Tract 085200 Revision  ]

The second change involves the consolidation of 2000 tracts into 2010 tracts, what the U.S. Census terms a MERGE:


Census Tract Consolidation  ]

The third change is simply a SPLIT of a 2010 tract, often due to a significant increase in population density within the 2000 tract geometry from 2000 to 2010:


Census Tract Split at 027400 2000 Tract  ]

In greater NYC, these tract changes can be further typified via GIS analysis utilizing a tabulated intersection. The results can be joined with the 2010 tract geometry to quantify the percentage of change. This works well for REVISIONS and MERGES; but does not capture SPLITS as the input zone feature – 2010 tracts – does not have a lesser class feature by which to quantify percentage of change. Of the 2010 tracts count of 2166, approximately 7% are REVISIONS and 10% MERGES. If the U.S. Census relationship files are taken into account for unaltered tracts, approximately 65% of tracts are UNALTERED, leaving approximately 18% as SPLITS. These are very approximate numbers resulting from loose SQL selections and reliance on the U.S. Census relationship file categorizations.

Regardless the exact breakdown of no change, revisions, merges and splits, its clear that there’s a lot of discrepency between the 2000 and 2010 census tracts for greater NYC. If one wants to map change over time, what’s the best way to proceed? There’s several workarounds, all with their own +s and -s.

The first option is to conduct analysis and mapping using the smaller, often considered more stable U.S. Census block. This gives a finer-grained unit of analysis useful for both picking up generalized patterns at smaller scales, as well as capturing important ‘street level’ differences at larger scales. This is indeed the approach taken by CUNY to such great effect:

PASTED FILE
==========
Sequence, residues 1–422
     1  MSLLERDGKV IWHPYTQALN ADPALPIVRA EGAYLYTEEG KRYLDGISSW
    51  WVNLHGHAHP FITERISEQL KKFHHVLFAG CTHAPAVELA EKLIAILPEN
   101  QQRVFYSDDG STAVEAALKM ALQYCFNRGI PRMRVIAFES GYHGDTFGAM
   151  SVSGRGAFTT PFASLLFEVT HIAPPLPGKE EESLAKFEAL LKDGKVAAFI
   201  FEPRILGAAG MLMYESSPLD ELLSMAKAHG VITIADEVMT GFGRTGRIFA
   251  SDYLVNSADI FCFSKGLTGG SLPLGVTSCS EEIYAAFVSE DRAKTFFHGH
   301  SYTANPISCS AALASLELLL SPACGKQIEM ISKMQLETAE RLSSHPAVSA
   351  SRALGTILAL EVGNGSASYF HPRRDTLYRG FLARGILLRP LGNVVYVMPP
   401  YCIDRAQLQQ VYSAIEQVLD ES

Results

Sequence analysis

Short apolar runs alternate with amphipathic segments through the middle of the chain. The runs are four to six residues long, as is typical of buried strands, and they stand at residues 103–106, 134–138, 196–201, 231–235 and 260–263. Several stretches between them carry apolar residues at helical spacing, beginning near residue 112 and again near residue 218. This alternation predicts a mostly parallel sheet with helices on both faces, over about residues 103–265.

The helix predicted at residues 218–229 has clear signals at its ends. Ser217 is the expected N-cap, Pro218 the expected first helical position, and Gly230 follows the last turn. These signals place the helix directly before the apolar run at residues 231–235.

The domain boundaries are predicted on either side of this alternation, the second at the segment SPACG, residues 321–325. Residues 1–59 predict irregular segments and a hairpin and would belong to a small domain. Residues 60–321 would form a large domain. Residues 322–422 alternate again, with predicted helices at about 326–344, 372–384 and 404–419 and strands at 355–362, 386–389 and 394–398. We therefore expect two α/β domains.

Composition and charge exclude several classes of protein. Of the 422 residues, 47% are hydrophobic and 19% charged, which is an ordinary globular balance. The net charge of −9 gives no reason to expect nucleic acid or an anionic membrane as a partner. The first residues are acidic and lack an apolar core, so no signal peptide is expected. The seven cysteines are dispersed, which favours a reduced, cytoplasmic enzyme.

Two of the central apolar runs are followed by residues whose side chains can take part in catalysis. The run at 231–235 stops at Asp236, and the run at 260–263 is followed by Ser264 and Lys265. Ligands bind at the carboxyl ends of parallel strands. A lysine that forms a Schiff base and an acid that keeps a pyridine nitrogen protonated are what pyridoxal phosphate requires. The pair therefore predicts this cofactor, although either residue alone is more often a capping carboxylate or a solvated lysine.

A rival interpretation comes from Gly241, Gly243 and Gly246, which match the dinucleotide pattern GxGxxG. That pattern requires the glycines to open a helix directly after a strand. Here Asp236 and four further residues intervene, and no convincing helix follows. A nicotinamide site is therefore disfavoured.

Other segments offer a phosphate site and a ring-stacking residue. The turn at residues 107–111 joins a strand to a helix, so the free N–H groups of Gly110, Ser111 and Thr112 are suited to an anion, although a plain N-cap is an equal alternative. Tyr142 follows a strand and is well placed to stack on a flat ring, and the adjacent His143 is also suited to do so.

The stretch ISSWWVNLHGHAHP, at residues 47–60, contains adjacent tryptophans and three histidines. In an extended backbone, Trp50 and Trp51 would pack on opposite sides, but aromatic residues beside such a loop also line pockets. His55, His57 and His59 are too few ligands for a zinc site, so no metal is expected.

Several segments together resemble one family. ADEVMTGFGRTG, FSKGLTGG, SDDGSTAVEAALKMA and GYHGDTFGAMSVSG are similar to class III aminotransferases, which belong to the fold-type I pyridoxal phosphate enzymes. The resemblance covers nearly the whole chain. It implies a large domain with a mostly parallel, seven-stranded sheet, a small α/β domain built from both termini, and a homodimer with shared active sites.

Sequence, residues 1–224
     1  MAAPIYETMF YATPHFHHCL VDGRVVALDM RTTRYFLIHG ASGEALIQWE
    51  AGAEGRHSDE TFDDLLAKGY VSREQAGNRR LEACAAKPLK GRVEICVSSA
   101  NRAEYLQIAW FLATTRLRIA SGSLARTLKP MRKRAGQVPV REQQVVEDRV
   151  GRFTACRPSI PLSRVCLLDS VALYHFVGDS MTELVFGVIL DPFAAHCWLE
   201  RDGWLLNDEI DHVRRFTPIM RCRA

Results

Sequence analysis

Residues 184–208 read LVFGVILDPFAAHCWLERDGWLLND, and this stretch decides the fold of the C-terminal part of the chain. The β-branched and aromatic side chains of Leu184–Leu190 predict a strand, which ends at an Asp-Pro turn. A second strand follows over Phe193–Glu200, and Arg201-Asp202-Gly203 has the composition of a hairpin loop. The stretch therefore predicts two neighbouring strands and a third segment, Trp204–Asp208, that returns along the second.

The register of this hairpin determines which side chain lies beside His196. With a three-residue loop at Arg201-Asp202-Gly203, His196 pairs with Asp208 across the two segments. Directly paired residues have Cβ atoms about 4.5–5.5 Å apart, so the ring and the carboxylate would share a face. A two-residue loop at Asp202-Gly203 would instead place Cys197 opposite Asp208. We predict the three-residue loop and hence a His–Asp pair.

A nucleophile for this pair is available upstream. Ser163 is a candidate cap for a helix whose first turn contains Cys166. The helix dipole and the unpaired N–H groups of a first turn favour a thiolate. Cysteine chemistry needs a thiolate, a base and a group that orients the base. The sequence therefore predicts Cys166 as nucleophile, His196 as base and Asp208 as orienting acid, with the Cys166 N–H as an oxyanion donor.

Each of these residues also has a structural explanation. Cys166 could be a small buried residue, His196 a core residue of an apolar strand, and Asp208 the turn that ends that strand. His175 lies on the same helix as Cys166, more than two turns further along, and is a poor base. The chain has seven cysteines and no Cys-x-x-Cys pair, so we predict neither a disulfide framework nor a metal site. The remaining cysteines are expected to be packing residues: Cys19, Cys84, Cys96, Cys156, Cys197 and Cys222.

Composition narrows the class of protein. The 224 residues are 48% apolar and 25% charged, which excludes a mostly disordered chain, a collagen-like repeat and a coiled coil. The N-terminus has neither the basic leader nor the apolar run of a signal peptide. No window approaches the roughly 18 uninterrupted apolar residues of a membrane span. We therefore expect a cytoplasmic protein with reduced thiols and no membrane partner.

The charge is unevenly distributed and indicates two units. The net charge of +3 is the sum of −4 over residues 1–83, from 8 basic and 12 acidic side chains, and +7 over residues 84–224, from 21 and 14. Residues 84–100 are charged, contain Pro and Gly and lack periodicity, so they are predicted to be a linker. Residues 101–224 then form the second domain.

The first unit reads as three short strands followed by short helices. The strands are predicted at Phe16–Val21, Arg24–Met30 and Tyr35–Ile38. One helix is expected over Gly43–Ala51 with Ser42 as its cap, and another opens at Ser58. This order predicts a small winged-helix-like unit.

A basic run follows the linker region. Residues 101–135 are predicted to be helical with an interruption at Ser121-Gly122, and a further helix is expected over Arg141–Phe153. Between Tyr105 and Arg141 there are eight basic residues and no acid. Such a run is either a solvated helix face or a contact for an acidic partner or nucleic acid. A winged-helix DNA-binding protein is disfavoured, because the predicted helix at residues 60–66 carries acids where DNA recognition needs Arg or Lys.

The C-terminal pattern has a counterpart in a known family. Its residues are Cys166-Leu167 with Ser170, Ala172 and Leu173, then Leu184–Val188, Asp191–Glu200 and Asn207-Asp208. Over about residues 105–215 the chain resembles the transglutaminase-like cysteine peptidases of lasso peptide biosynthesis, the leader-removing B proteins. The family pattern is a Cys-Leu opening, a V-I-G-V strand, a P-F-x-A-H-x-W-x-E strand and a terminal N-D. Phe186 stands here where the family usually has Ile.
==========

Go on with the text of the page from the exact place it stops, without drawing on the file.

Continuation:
Important to note however is that changes between 2000 and 2010 at the census block level have indeed occurred (the absolute difference in named blocks alone is a 2076 – approximately 5.5% – 2010 gain over 2000); its just that the overall effect for mapping – especially at a smaller scale – is less of an overall burden than with census tracts. Regardless, one is still presented with the same normalization challenges if the goal is to map longitudinally within census blocks and forego the ‘side-by-side’ approach adopted by CUNY.

Given this lingering normalization issue regardless of the particular U.S. Census areal unit, a second option is to conduct areal interpolation from one census areal unit into another, and proceed with a 2000 interpolation comparison with 2010 census tracts or blocks. This approach has its own baked in accuracy issues, but it will allow for the normalization of 2000 data into 2010 geometry, and forego the main ‘apples to apples’ analysis challenge thus far.

A third and likely easiest/best approach may be to rely on the good work of Spatial Structures in the Social Sciences at Brown University and utilize their open data for longitudinal mapping analysis. This is a great resource that is easily accessible to 2010 census geometries for mapping as far back as the 1970s. Further, the tools provided by the program allow for utilization of a user’s own data to supplement the essential socioeconomic variables currently available.

Finally, a great resource for ‘snapshots’ of particular census geographies (having little to do with longitudinal analysis per se) is Census Reporter using predominately American Community Survey data from 2012.